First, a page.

Changeling: The Lost is the most recent game released by White Wolf. It is Changeling for the NWoD, and is actually quite different from the original Changeling: The Dreaming.
In Changeling: The Lost, you play the part of mortals who were taken to Arcadia to serve the True Fae but who have escaped, returned to the mortal world, to find that the world has moved on without them. The game seems to be about finding your identity in a world you no longer quite fit into, finding a way to return home, while avoiding the notice of the forces of Faerie which would like nothing better than to find you and capture you again – or worse.
Like Requiem and Forsaken, character creation in Changeling begins with creating a mortal and then adding the Changeling template. This comes with some advantages, of course. Wyrd is essentially the power of your Fae magic – similar, actually, to Blood Potency in Requiem, because Wyrd determines how much Glamour (magical energy) you can hold and how quickly you can spend it. Clarity is the ‘moral’ attribute for a Changeling – it is the ability to tell dream from reality, essentially. High Clarity sharpens perceptions and allows kenning – discerning what is magical around you clearly. Low Clarity means you are essentially a lunatic.
Instead of Arts, Changeling magic is expressed through Contracts. Each Changeling has one special affinity Contract based on her Seeming (Beast, Darkling, Elemental, Fairest, Ogre, Wizened) as well as her Court (Spring, Summer, Autumn, Winter). Contracts have Catches – things that must be done in order to use them that are special limitations – having thread from someone’s bedclothes to affect their dreams, for example.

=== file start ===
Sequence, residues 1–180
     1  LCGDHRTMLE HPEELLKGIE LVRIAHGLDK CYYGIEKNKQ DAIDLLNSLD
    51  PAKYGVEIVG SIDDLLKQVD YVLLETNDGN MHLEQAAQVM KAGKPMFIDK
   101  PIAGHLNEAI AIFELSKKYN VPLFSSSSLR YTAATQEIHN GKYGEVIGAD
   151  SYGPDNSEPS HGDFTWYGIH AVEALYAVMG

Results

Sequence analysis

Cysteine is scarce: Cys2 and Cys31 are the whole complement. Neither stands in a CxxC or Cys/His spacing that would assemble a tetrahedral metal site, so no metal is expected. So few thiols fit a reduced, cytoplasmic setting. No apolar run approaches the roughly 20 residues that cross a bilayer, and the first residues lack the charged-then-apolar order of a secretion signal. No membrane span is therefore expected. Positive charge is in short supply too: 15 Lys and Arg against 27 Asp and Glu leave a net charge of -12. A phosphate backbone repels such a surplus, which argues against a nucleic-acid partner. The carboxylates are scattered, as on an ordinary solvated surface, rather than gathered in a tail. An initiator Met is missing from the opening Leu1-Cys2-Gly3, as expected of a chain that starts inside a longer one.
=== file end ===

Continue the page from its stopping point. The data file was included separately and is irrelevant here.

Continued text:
All Changelings also have affinity for the Contracts of Dream, Hearth (traditional blessings and curses), Mirror (changing appearance), and Smoke (stealth). When using your Contracts, you roll Attribute + Wyrd in dice, and even may high-level Contracts are pretty subtle.
New Merits include: Court Goodwill, Harvest (allows you to gather Glamour), Hallow (special housing, including the sub-Merit Hallow Amenities), Mantle (connection to a particular Court), New Identity and Token (magical objects).
If you’re looking for similarities with Changeling: The Dreaming, there are many to be found. Beasts are somewhat like Pooka or Beasties, animalistic fae with nature-attuned powers. Darklings are similar to Sluagh, nocturnal lurkers. Fairest are similar to the Sidhe, beautiful manipulators. Ogres hearken back to…well, Ogres, as well as Trolls. The Wizened are artificers somewhat like Nockers.
The similarities are not very direct, however – Lost is very much a new game. The book, of course, is absurdly beautiful and well written. On first reading it seems easy to use, though like any WoD book the rules are spread out and interspersed with flavor text and examples. The game is dense with setting and tone, and it needs to be. It is quite evocative – reading it, I feel like I get a sense of what the designers and writers were going for in the game.
There’s a great deal I won’t get into here – Fetches and Hobgoblins and Goblin Markets, Entitlements. There is also the Freehold in the second Appendix, which is in this case Miami, presumably the iconic city for the Changeling setting – an interesting choice. Really, I need more time to read the book again, and ideally, I need to run a Changeling game, or play in one, to really get a handle on how everything works together. Just reading the book, however, gives the strong impression that this is an excellent game. It definitely, in my opinion, lives up to what I expected from another edition of Changeling.
Without even playing it yet, I give it 4 out of 5 stars, and that’s partly because I actually prefer the dice mechanic of the Old World of Darkness. This game is dense with story, and is probably the best of the NWoD thus far.